What is the next big step you hope to help your organization reach?

Large-scale advisory projects and initiatives. I prefer idea and conception strategies on how to grow companies or start them and then scale. The projects I’m passionate about focus on specific companies, partners, and startups that are in the aerospace, STEM, climate change, environment, energy, and sustainability areas, but we have also taken on projects in the arts, music or film. In the past seven years, our reach has crossed borders and oceans to Western Europe, Africa, MENA, East Asia and the Pacific, Southeast Asia, and South America. We are growing our portfolio and work in the Nordic countries, East Asia, Southeast Asia, South America, and Africa. I would love to do a project with NASA’s or CERN’s innovation hubs and leverage their research and development into a private sector business or company. Also, some thing in the area of healthcare and safety. It has been on my vision board for over five years now.

Women entrepreneurs. We also have a strong interest in investing and mentoring women entrepreneurs. Venture funds now look for women entrepreneurs and diversity. After McKinsey Global Institute study and IMF research reports showed that advancing gender equality, meaning the advancement of women, can increase the annual global GDP (growth domestic product) by $12 trillion, or 11%, by 2025. The public, private, and social sectors need to act to close the gender gaps. In a full potential scenario where women play an identical role in labor markets to that of men, as much as $28 trillion or 26 percent could be added to global annual GDP by 2025.

Mentorship. Mentorship is key to help young entrepreneurs grow their businesses. I would not be where I am today with the support of a wide network of people and their generosity and wisdom. Don’t only pay it forward, also pay it back.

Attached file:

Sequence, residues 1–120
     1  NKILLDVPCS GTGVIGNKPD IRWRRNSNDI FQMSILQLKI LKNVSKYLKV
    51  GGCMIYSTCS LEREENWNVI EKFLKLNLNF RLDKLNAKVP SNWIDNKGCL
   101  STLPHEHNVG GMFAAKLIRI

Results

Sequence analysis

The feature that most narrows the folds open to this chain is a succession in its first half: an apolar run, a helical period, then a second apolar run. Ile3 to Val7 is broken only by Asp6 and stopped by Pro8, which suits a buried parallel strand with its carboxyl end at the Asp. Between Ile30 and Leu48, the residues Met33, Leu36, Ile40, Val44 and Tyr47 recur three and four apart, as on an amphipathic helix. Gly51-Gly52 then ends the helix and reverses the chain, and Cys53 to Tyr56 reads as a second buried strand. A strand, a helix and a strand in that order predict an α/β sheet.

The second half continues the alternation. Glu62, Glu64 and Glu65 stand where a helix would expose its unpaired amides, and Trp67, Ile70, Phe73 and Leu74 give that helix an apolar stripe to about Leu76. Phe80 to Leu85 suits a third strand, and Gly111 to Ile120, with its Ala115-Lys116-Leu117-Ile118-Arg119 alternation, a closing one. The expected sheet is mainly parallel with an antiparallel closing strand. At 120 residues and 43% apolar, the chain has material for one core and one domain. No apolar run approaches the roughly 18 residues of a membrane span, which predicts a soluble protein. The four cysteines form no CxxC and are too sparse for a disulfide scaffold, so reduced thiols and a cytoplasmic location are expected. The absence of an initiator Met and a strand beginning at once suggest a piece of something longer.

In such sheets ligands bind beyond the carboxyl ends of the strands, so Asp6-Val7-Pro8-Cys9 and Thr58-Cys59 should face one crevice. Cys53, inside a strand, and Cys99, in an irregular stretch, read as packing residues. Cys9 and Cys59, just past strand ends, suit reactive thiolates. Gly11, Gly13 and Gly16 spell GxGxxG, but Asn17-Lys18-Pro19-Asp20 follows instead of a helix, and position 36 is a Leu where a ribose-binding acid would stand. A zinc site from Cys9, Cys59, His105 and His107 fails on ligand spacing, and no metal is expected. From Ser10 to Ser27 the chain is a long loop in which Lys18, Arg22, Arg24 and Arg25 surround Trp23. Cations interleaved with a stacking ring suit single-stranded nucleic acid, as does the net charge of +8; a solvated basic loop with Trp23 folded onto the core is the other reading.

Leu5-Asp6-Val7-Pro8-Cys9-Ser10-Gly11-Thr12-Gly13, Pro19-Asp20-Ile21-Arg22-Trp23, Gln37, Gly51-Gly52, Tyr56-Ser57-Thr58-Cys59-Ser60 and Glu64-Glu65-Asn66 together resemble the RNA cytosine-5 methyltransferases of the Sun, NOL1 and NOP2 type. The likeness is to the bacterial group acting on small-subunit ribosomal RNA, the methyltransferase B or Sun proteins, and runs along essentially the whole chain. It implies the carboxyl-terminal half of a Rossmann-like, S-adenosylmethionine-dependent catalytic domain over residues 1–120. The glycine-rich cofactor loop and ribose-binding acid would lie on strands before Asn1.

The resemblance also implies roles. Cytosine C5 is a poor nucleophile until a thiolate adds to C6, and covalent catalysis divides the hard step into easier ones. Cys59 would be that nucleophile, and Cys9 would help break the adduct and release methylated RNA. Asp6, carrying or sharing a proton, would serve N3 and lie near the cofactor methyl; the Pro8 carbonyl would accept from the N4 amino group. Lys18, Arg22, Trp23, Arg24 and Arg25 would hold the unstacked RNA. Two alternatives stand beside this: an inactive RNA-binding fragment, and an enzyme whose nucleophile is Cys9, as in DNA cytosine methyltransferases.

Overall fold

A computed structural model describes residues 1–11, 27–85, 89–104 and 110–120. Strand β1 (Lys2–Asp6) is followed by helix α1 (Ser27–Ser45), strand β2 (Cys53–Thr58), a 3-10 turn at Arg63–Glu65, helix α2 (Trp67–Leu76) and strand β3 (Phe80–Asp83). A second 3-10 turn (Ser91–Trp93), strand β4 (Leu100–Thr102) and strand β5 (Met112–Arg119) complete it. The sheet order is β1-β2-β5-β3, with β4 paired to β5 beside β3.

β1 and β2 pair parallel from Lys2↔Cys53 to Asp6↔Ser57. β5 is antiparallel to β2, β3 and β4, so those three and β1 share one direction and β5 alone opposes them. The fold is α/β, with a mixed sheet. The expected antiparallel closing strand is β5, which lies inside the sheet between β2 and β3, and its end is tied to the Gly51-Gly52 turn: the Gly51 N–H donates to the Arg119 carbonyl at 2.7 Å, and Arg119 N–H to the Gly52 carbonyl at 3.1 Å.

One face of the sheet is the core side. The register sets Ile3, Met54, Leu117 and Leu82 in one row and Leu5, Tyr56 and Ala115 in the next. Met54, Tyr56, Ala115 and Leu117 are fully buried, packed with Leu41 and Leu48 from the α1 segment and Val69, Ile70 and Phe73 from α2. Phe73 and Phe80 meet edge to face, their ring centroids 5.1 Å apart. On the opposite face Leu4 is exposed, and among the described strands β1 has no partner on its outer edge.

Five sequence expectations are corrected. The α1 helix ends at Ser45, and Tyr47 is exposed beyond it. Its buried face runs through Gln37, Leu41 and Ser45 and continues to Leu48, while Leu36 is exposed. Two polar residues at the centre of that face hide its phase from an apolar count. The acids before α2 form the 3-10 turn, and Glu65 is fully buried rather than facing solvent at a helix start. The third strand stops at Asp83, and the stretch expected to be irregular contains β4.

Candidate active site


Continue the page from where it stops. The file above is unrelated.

What has been your biggest obstacle as an entrepreneur?

In the beginning, the biggest obstacle was convincing investment firms the vision, economical, and financial impact of social entrepreneurship and for-purpose companies. Most investors were only interested in alpha revenue business models and a singular bottom line, not a triple bottom line. With the expansion and growth of social entrepreneurship like Big Society Capital’s initial investment fund of £600 Million and Goldman Sachs’ social impact bond in the criminal justice system, investment firms and corporations have since realized the importance of social responsilibity in their growth and corporate strategies.

What advice would you give other emerging entrepreneurs?

I’ve learned many lessons, but the most important are patience, perseverance, and an absolute belief in your vision. Invest in yourself through knowledge acquisition, build your network by surrounding yourself with the best talented minds, and know that experience is often underrated so don’t always go for the quick return or solution. There is a quote from Mark Suster who said, “Lemons ripen early. Great companies take time.” I have more of a Warren Buffet approach to business than probably most investors. I like to build companies that will last more than 25 years that pay dividends.

This post was originally published on the 2016 Global Entrepreneurship Summit Publication here and on our Medium account here.